The haulage firm that owns the tipper lorry being driven by Dennis Putz that killed London cyclist Catriona Patel in June has said it is “very sorry” after it emerged that another of its trucks was involved in an accident earlier this week in which a Japanese businessman died.
Putz was sentenced last month at Inner London Crown Court to seven years’ imprisonment and banned from driving for life after being convicted of causing death by dangerous driving.
It was revealed that he was over the alcohol limit after drinking a minimum of seven pints of Guinness the previous evening, and he was also talking on his mobile phone at the time the fatal crash took place.
On Tuesday, a 51-year-old Japanese businessman who had just landed at London Heathrow Airport died when a lorry belonging to Thames Materials crashed through the central reservation of the A4 at Chiswick and hit the taxi he was travelling in, reports the Evening Standard. The 44-year-old driver has been arrested on suspicion of causing death by dangerous driving.
A spokesman for Thames Materials, which is based in Hanwell, West London, told the newspaper: “We are very sorry about both cases. We are working very closely with police to try to understand what happened. It has been very hard for us as a company.”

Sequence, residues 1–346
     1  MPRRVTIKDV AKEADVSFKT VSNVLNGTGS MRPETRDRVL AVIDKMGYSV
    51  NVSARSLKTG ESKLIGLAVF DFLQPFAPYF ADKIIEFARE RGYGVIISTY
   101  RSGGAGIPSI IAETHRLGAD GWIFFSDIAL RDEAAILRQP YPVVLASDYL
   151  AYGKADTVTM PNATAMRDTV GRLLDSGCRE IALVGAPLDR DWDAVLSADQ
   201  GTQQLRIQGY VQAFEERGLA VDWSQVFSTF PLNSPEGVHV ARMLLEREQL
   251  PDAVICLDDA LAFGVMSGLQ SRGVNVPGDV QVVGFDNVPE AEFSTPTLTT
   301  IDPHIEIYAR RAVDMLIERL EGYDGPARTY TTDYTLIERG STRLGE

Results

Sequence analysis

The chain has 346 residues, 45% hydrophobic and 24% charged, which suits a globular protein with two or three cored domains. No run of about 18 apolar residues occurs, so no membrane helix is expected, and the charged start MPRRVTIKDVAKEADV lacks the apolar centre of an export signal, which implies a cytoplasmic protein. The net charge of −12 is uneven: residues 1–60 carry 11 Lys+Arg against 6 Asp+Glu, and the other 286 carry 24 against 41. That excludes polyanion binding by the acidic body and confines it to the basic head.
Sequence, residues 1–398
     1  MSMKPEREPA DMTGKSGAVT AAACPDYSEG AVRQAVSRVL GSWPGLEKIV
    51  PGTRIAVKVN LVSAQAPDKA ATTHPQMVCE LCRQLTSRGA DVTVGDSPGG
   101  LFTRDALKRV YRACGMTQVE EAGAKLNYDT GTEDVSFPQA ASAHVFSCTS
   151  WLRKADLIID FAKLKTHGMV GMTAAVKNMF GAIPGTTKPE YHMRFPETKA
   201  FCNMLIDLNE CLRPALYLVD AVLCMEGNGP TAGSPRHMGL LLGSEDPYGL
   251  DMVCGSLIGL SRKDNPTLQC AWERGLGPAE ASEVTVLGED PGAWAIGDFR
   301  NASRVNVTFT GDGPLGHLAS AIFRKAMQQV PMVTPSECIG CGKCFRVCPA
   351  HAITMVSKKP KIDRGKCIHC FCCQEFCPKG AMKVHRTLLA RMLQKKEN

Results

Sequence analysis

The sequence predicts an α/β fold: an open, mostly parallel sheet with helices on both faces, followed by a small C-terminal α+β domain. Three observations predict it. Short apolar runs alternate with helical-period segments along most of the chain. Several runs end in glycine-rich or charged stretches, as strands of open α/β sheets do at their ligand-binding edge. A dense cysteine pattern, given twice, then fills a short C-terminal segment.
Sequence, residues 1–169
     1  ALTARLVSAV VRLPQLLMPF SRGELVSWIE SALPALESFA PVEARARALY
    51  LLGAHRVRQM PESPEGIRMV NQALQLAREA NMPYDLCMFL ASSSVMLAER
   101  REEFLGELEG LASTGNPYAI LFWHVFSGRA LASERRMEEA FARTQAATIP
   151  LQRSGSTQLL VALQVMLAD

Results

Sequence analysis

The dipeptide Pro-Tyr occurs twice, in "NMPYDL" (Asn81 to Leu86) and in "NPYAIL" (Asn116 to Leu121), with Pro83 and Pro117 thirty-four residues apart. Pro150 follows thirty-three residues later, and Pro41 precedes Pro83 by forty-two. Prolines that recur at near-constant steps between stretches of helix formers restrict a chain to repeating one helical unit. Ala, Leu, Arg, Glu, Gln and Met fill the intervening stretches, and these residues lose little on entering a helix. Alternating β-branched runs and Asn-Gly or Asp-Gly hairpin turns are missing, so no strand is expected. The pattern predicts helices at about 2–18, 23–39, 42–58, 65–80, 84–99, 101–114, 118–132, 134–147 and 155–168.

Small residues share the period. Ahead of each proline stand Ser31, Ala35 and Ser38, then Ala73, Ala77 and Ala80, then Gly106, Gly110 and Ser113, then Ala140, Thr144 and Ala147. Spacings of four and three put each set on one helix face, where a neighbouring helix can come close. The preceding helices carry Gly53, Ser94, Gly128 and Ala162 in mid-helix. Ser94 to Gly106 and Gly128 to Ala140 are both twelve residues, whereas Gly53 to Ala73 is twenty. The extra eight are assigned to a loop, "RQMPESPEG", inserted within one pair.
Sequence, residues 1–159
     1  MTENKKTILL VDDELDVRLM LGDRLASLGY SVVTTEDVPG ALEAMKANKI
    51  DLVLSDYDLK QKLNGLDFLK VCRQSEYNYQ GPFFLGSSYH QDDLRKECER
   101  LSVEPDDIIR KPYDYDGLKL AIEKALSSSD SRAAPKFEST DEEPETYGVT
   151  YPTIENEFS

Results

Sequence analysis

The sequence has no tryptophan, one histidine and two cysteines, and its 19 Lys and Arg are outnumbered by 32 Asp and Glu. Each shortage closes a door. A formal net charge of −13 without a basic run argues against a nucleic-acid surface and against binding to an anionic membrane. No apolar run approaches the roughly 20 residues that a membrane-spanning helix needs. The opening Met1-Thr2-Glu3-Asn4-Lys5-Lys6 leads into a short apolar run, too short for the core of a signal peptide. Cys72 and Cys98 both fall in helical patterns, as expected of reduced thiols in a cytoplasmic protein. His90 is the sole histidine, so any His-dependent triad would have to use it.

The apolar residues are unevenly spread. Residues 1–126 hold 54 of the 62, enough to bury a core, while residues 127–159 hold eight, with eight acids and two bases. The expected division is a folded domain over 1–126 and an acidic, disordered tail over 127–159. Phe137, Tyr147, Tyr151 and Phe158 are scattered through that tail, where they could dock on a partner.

The Standard added that the spokesman refused to confirm whether or not the driver in the latest incident had been suspended, or whether the firm was taking steps to improve its vehicles’ safety.
That last point is pertinent to the Catriona Patel case because the court learnt that Putz had previously been twice jailed for driving offences, the first for reckless driving, the second for 16 counts of driving a lorry while disqualified. That has led cycle campaigners to ask how he could have ended up behind the steering wheel of a lorry again.
London Cycling Campaign is currently running a No More Lethal Lorries campaign that is focused on reducing the heavy casualty toll inflicted on the capital's cyclists by HGVs.
Simon has been news editor at road.cc since 2009, reporting on 10 editions and counting of pro cycling’s biggest races such as the Tour de France, stories on issues including infrastructure and campaigning, and interviewing some of the biggest names in cycling. A law and languages graduate, published translator and former retail analyst, his background has proved invaluable in reporting on issues as diverse as cycling-related court cases, anti-doping investigations, and the bike industry. He splits his time between London and Cambridge, and loves taking his miniature schnauzer Elodie on adventures in the basket of her Elephant Bike.